If he finds backing among the parties, Dombrovskis will then need to win a vote of confidence in parliament.
Dombrovskis said Latvia needed budget cuts worth $1.26bn, on top of spending reductions of $9.55bn which were agreed to win a bailout last year from the International Monetary Fund (IMF) and the European Union.
He said: "In reality the state is on the verge of bankruptcy. The receipt of further financial support depends on budget amendments being passed soon, on the budget deficit being reduced to the level agreed [with the IMF and EU]".
IMF and EU officials said they had suspended talks with Latvia until a new government was in place, and to let a new coalition respond to issues the fund had identified.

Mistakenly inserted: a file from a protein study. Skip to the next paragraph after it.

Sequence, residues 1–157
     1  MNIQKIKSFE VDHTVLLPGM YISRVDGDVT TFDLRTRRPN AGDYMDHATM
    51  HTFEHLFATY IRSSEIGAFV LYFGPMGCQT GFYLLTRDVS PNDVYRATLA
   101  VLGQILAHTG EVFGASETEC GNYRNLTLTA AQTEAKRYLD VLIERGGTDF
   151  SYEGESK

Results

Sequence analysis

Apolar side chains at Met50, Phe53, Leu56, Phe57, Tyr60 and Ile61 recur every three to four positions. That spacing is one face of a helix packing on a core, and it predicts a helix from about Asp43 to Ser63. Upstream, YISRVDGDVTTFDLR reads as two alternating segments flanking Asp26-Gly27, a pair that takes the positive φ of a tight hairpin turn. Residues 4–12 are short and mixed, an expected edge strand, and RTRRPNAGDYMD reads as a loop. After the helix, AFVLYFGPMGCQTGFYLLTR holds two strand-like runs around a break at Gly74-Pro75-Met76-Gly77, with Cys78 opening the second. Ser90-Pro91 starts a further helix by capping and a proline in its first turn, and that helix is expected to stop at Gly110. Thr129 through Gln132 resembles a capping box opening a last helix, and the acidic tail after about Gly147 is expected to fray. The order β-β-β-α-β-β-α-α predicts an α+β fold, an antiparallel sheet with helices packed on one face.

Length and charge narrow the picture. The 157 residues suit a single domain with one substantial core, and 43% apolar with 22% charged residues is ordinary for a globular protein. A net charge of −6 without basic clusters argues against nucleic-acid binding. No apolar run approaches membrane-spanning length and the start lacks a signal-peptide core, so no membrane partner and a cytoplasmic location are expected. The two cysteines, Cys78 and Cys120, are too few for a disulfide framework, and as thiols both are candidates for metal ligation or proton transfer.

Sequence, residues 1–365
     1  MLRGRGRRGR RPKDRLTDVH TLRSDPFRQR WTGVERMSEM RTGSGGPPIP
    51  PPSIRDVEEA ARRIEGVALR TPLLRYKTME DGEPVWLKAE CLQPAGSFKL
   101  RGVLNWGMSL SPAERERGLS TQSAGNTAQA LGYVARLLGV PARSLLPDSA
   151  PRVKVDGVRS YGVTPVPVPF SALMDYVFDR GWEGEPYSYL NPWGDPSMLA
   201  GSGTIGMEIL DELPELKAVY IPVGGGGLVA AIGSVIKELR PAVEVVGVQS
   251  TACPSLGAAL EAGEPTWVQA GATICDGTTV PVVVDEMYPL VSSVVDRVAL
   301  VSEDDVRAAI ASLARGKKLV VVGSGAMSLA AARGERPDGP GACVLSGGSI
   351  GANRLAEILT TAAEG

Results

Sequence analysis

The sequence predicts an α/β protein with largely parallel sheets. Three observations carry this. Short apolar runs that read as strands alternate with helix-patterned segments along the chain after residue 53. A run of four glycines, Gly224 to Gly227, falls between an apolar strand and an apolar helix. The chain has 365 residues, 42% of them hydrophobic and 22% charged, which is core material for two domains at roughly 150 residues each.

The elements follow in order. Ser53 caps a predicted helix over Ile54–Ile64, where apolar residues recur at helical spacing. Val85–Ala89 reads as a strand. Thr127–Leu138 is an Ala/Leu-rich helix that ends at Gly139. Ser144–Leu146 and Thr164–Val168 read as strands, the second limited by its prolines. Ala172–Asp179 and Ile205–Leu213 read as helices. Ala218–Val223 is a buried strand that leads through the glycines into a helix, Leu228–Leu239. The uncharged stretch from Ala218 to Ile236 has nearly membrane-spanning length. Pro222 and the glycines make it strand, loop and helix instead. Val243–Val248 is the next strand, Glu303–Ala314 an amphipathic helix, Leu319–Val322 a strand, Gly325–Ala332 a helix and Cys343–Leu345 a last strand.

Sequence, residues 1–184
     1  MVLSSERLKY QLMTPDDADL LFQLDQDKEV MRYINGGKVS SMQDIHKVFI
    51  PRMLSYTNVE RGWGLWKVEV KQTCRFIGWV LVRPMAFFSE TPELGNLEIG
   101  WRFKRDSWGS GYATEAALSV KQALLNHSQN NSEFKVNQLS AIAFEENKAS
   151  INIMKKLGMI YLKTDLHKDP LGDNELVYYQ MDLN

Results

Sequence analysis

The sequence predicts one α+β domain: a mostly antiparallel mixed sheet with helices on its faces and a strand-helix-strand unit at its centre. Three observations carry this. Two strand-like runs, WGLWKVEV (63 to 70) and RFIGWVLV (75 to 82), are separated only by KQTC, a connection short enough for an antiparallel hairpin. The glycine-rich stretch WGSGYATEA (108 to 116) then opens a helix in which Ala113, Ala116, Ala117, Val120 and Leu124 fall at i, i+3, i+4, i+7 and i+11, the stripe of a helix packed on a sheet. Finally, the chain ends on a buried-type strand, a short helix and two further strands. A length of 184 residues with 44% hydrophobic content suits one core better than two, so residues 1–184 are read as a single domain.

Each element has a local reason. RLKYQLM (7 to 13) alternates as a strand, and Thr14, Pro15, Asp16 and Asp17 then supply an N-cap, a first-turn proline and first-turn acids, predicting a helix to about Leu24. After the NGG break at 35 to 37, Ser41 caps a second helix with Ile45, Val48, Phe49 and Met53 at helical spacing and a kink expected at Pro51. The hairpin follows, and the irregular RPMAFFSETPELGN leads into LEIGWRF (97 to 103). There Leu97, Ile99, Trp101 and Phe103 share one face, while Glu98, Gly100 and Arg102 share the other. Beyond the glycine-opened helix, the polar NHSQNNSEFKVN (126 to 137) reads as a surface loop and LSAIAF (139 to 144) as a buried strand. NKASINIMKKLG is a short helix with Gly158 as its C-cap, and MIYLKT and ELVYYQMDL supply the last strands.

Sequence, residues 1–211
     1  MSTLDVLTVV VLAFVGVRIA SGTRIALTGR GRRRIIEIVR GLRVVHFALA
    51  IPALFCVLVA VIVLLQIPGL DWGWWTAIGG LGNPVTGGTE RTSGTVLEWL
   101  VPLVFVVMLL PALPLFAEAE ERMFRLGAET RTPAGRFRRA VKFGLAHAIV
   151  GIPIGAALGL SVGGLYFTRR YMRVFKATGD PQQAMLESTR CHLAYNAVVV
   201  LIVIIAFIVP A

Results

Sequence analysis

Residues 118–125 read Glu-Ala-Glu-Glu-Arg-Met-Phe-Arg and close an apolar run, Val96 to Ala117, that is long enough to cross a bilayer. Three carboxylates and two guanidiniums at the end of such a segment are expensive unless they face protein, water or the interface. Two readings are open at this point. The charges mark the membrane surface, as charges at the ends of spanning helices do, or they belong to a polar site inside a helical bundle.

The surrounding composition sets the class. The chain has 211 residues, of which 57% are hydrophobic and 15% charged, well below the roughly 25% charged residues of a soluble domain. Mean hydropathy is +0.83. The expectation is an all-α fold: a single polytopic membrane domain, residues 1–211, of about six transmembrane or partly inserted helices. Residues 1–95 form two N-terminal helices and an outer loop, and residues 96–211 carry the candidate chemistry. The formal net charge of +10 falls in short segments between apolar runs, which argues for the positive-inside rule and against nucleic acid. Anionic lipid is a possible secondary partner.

Christoph Rosenberg, the IMF's Latvia mission chief, said: "This is an ongoing process, the economic conditions are changing constantly, globally and in Latvia. The programme has to be constantly adjusted to that."
Latvia's finance ministry has forecast that the economy will shrink 12 per cent this year, much worse than the 5 per cent fall forecast when Latvia agreed the bailout.
Ratings agency Standard & Poor's downgraded Latvia's debt to junk level on Tuesday, the second EU state after Romania to fall below investment grade.
The economic crisis has prompted some economists to say Latvia should abandon the fix of its lat currency to the euro but Dombrovskis rejected this.
"I do not support a devaluation of the lat in the current situation," he said.
Zatlers said he nominated Dombrovskis because the four parties in the outgoing coalition as well as another smaller centre-right opposition party had said they would support him.
Karlis Streips, a political commentator, said: "I think the main challenge first of all will be to simply put a government together.
"Latvia needs a government which will work in favour of the people and not just a few private individuals."